Recovery Act: Texas Clean Energy Project

 

Performer: 
Summit Texas Clean Energy LLC

Website: 
Award Number:  FE0002650
Project Duration:  02/01/2010 – 07/15/2017
Total Award Value:  $1,726,628,229.00
DOE Share:  $450,000,000.00
Performer Share:  $1,276,628,229.00
Technology Area:  Clean Coal Power Initiative (CCPI)
Key Technology: 
Location: 

Project Description

The Texas Clean Energy Project (TCEP) is an integrated gasification combined cycle (IGCC) poly-generation facility with fully integrated  O2 capture that will be located in Penwell, Ector County, Texas. The TCEP will nominally generate 400 megawatts of electricity (MWe) gross using sub-bituminous coal and send about 200 MWe to the utility grid under agreement with CPS Energy of San Antonio. The Siemens power block will consist of an SGT6-5000F hydrogen (H2)-capable combustion turbine, a triple-pressure heat recovery steam generator (HRSG), and an SST-900RH reheat steam turbine. The project will use two Siemens SFG-500 entrained-flow, oxygen-blown gasifiers and two-stage water-gas shift to produce high-H2 synthesis gas (syngas). A Lindé Rectisol® acid gas removal (AGR) system will be used to achieve the intended 90 percent carbon capture efficiency for the entire syngas stream. The AGR system also captures sulfur-containing gases for on-site conversion to sulfuric acid product.

Up to about 2.6 million metric tonnes of CO2 per year will be captured. Under off-take agreements, about 76 percent of the CO2 will be compressed on-site and delivered via existing regional pipelines to depleted West Texas Permian Basin oil fields—the world’s largest market for CO2-flood enhanced oil recovery (EOR)—for geologic storage with concomitant EOR. The remaining CO2 will be used for on-site production of urea fertilizer under an off-take agreement with CHS Inc.

Project Benefits

A need exists to further develop carbon management technologies that capture and store, or beneficially reuse, carbon dioxide (CO2) that would otherwise be emitted into the atmosphere from coal-based electric power generating facilities. Carbon capture and storage (CCS) technologies offer the potential to significantly reduce CO2 emissions and mitigate the anthropogenic contribution to global climate change, while substantially reducing or minimizing the economic impacts of the solution.

Under Round 3 of the Clean Coal Power Initiative (CCPI), the U.S. Department of Energy (DOE) is providing up to $450 million in co-funded financial assistance to industry, including funding under the American Recovery and Reinvestment Act (ARRA) of 2009, to demonstrate the commercial viability of advanced technologies that will capture CO2 emissions and geologically store those emissions, or beneficially reuse them. Once demonstrated, the technologies can be readily considered in the commercial marketplace by the electric power industry.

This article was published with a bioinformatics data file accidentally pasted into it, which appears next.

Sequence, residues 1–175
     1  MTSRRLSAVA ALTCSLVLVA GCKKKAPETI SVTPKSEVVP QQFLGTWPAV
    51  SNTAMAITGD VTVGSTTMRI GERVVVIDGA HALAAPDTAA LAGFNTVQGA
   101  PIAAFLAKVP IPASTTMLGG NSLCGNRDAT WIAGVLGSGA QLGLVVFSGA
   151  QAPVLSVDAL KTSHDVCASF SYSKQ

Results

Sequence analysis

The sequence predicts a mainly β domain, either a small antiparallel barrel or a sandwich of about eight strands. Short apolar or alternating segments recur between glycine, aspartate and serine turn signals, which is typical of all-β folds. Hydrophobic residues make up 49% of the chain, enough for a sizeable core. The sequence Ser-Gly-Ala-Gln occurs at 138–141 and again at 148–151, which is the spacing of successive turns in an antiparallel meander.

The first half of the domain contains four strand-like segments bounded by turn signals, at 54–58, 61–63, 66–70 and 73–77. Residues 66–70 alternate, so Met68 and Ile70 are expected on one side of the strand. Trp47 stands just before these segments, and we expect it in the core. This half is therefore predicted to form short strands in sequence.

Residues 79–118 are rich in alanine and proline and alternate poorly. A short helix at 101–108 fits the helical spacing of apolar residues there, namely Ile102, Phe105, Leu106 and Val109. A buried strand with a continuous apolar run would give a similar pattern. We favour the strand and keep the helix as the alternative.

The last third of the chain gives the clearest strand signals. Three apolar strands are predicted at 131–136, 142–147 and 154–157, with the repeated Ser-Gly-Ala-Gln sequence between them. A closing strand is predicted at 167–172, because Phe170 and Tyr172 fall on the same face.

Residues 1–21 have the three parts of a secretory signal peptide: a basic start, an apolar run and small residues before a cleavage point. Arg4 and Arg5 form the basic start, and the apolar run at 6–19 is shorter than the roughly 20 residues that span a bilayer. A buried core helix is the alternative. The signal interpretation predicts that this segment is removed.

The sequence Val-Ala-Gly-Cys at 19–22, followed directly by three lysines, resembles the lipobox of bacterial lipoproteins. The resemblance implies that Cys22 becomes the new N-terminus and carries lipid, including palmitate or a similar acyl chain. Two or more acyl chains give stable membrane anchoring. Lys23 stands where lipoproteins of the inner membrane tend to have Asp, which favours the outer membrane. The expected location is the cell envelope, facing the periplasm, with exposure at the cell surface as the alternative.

The TCEP is a capstone demonstration representing decades of DOE-sponsored technology research and development into coal gasification; environmental controls for the oxides of nitrogen and sulfur, particulate matter, and mercury; hydrogen-capable combustion gas turbines; and CCS. The facility will be among the cleanest commercial, solid-fuel power facilities in the world and will significantly surpass the emissions reduction targets for 2020 established under the Energy Policy Act of 2005. The facility’s emissions will be far below any limits previously permitted in Texas for a fossil-fuel plant. Its CO2 emissions (on a lb. per MWhr basis) will be only 20–25 percent that of a comparably-sized natural gas combined cycle (NGCC) power plant without CO2 capture. Other specific project benefits include:

Goals and Objectives

The overarching objective is to advance CCS technologies from the demonstration stage to commercial practice. The goals of the TCEP are to design, build, and operate a greenfield, commercial-scale, fully-integrated, advanced IGCC electric power and chemicals production facility that demonstrates high CO2 removal from the pre-combustion syngas stream, compression and transport of pipeline-quality CO2, and the disposition through monitoring, verification, and accounting (MVA) of CO2 stored in deep geologic formations with concomitant EOR.

Contact Information

Federal Project Manager 
Jason Lewis:
Technology Manager 
Michael Knaggs:
Principal Investigator 
:
 

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